‘Tune your fork’ – a moon planting guide

 Tune Your Fork - A moon planting guide

Over the centuries diverse cultures have observed that planting during certain phases of the moon has affected the germination and growth rate of plants.


The tilt of the Earth’s axis regulates the seasons as we journey our way around the Sun. Distance from the equator (latitude) is the prime determinant of the growing seasons that combines with altitude, distance from the sea and other regional factors to create a diverse mosaic of climates and micro-climates across the globe. Any seasonal planting calendar must be regional if not local.

The Moon provides a more subtle influence on growing conditions, its light and gravitational force affecting plant growth that has informed traditional gardening rhythms through the centuries. Unlike the seasonal cycle, this lunar cycle is more universal so can be incorporated into a calendar with global relevance. This basic guide to gardening by moon phases can help improve health and yield from our efforts.

The 29½ day lunar cycle is divided into four phases, each lasting around seven to eight days. The transition, from one phase to the next, is where sowing, planting and pruning is best avoided for 12 hours before and after the change. Use this time instead to improve your soil.

The Waxing Moon

Waxing Moon – increasing in light, sap flow drawn up

The new moon and first quarter phases are the most suitable time for sowing and transplanting flowering annuals (and biennials), grains, melons, annual grasses and green manure crops. It’s also a good time for applying liquid fertilisers, pruning and grafting as increased saps flows produce new growth more quickly. If you want to speed up lawn growth then consider mowing during this period.

The Waning Moon

Waning Moon – reducing light, sap flow drawn down

The full moon and last quarter phases are a good time for applying solid fertilisers, pruning dormant plants, harvesting crops and seed for storage or drying – as they are less likely to rot. Perennials, plants that live for more than two years, have root systems that are able to store sugars and nutrients in a similar way that root crops do. If you want to slow lawn growth then consider mowing during the waning moon.


 

New Moon Phase - Leafy Annuals

New Moon phase

Sow or transplant leafy annuals – where we value or eat the leaves or stem. Eg: lettuce, spinach, cabbage and celery.

First Quarter phase - Fruiting Annuals

First Quarter phase

Sow or transplant fruiting annuals – where we value or eat the fruit or seed bearing part of the plant. Eg: tomato, pumpkins, broccoli and beans.

Full Moon phase - Root Crops

Full Moon phase

Sow or plant out root crops, decorative and fruiting perennials – take cuttings and divide plants. Eg: apple, potatoes, asparagus and rhubarb.

Last Quarter phase - Improve the Soil

Last Quarter phase

Time to improve your soil – weeding, mulching, making compost and manure teas, digging or ploughing.


If you miss the planting windows, try it anyway and see how it grows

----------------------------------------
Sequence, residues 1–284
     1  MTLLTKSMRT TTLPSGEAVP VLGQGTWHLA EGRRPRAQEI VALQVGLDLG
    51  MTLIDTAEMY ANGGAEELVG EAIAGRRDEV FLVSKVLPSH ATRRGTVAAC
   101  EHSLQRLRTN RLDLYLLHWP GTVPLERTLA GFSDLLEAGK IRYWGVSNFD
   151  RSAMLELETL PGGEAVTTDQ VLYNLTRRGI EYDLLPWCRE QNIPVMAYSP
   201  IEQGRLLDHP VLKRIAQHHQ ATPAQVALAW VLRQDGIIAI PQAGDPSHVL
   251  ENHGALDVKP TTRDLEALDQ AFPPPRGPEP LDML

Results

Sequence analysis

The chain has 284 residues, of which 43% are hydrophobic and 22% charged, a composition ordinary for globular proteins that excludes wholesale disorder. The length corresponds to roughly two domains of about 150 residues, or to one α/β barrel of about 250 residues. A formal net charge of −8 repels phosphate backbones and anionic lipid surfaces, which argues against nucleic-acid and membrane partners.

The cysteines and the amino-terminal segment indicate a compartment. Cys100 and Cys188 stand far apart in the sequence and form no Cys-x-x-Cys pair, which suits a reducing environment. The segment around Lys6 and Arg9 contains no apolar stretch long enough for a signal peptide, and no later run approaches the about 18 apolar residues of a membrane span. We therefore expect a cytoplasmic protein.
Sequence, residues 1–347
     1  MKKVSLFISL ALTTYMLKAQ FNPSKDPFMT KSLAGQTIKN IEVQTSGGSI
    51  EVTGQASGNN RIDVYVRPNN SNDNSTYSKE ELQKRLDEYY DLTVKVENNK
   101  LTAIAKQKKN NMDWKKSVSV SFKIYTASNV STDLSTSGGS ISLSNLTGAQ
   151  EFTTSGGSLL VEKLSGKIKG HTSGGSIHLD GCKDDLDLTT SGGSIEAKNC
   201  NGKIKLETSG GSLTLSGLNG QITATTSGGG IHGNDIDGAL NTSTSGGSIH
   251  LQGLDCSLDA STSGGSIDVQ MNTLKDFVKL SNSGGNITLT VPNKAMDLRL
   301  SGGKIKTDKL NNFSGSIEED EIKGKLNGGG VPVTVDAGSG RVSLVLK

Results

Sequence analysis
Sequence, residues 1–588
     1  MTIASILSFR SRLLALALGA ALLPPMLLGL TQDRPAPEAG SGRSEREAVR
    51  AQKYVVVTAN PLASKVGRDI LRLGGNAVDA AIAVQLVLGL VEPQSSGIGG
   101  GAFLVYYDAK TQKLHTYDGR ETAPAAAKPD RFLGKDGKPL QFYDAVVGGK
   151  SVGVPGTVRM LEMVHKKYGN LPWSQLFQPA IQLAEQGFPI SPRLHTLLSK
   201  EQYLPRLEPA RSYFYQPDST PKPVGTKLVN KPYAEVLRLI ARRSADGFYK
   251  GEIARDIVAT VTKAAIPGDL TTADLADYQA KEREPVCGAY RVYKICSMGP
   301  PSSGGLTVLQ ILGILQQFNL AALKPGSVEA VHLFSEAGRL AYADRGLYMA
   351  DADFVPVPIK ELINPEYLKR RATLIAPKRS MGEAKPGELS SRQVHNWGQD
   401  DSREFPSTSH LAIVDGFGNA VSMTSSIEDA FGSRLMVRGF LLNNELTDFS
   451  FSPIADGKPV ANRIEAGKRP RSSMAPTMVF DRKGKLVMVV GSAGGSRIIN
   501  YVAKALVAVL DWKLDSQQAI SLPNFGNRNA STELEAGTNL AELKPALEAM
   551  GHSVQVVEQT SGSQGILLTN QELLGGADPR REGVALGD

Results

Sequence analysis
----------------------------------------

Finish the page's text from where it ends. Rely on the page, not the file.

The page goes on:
The guide given above is an introduction to moon planting, as you can probably imagine, there are varying levels of depth and interpretations of how the moon affects plant growth. Lyn Bagnall has written an extensive post about Tradition Moon planting, along with her book Easy Organic Gardening that expands on the concept.

For those of you who are looking for an easy way to remember and apply these garden activities, then look to the 2014 Permaculture Calendar. It includes these daily icons and moon phase times to guide your planting, along with an example of a design principle for each month.

The 2014 Permaculture Calendar Includes daily icons and moon phase times to guide your planting.

The 2014 Permaculture Calendar Includes daily icons and moon phase times to guide your planting.

Fork in garden photo from Michael Conlin – check out his blog Suburban Digs

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6 Responses to ‘Tune your fork’ – a moon planting guide

  1. Alex August 31, 2013 at 5:46 am #

    Yes, but the moon waxes and wanes from right to left in the northern hemisphere. Any chance that there will be a northern hemisphere version of the 2014 Permaculture Calender?

    • Richard September 2, 2013 at 11:58 am #

      We share the same moon in both hemispheres, it waxes and wanes in exactly the same way. The only difference being that we are looking at the moon from different places. So from the southern hemisphere the waxing moon is light on the left hand side, whereas in the northern hemisphere it is light on the right hand side. The opposite applies for the waning moon. This is a cosmetic issue only, as the calendar can only show one side or the other.

  2. Kajetan Hundhammer August 21, 2013 at 3:18 pm #

    Aren’t the tides (twice a day) controlled by the moons gravitational force?
    And the phase of the moon the relative positions of the Earth, Moon, and Sun?
    So isn’t it more the moonlight which has the influence on our plants?

    • Richard August 22, 2013 at 10:07 am #

      Moonlight, gravitational pull and the subtle changes of the earths magnetic field as the moon revolves around the earth all have an influence on the way plants grow. For more information I’d recommend reading Lyn Bagnall’s post about moon planting.

  3. Louise August 19, 2013 at 11:25 pm #

    Is the calendar for Australia only or do you have a uk one?

    • Richard August 20, 2013 at 2:44 pm #

      The calendar is international. Moon phase times changes in the calendar are in UTC, and need to be adjusted depending on where you are in the world. Being in the UK, you probably wont need to adjust them at all.

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